Federal cuts could mean more student debt

Jack Belcher, Senior News Reporter

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A new proposal by the federal government outlines a plan to cut $3.6 billion in annual funding from the U.S. Department of Education, according to a report by the Washington Post. The cuts could increase students’ cost of education by more than $200 billion over the next decade, according to Provost Katherine Frank.

“As we consider the potential impact of these cuts, it is critical to recall that America’s commitment to public education has made us the world’s leader in innovation and prosperity,” Frank said in a statement.

The proposal includes a plan to combine multiple income-driven repayment plans (IDR) into a single plan. This plan by itself cuts nearly $130 billion from the U.S. Department of Education.

It will also increase the amounthow much both undergraduate and graduate students have to pay each month by 12.5 percent of their income, while also shortening the payment period to 15 years for undergraduates. Graduate students however would have their repayment period increased to 30 years.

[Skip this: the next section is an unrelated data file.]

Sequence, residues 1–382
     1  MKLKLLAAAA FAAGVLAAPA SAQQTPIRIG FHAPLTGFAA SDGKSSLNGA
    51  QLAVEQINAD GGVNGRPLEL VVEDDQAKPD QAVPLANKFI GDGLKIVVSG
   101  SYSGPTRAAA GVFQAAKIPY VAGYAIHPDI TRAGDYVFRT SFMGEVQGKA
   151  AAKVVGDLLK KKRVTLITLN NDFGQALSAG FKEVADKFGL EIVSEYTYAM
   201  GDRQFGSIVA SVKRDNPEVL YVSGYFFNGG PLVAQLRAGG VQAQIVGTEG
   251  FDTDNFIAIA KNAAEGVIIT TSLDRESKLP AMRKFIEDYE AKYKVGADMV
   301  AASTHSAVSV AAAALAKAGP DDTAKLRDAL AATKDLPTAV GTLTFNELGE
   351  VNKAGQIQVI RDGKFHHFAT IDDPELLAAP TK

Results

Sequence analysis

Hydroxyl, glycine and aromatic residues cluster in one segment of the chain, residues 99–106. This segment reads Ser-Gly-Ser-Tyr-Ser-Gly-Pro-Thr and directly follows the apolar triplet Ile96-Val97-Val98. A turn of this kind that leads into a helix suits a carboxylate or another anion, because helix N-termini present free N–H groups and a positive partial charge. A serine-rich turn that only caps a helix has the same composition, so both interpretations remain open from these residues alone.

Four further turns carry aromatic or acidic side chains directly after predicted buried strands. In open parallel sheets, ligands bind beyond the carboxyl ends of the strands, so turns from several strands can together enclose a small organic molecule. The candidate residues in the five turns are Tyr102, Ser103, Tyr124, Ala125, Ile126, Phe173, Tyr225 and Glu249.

“At a time, when millions of students are struggling under the crushing burden of student debt, it speaks volumes that President Trump and Secretary Betsy DeVos are proposing $200 billion in cuts to financial aid. This is a complete 180 from the agreement Republicans and Democrats made last week,” Senator Patty Murray, ranking Democrat on the Senate Health, Education, Labor and Pensions Committee, said in a statement to the Washington Post.

The justification stated  in the budget as to why the IDRs are to be consolidated is to simplify the process.

“In recent years, IDR plans, which offer student borrowers the option of making affordable monthly payments based on factors such as income and family size, have grown in popularity. However, the numerous IDR plans currently offered to borrowers overly complicate choosing and enrolling in the right plan,” the budgeting plan stated.

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The student news site of Central Washington University
Federal cuts could mean more student debt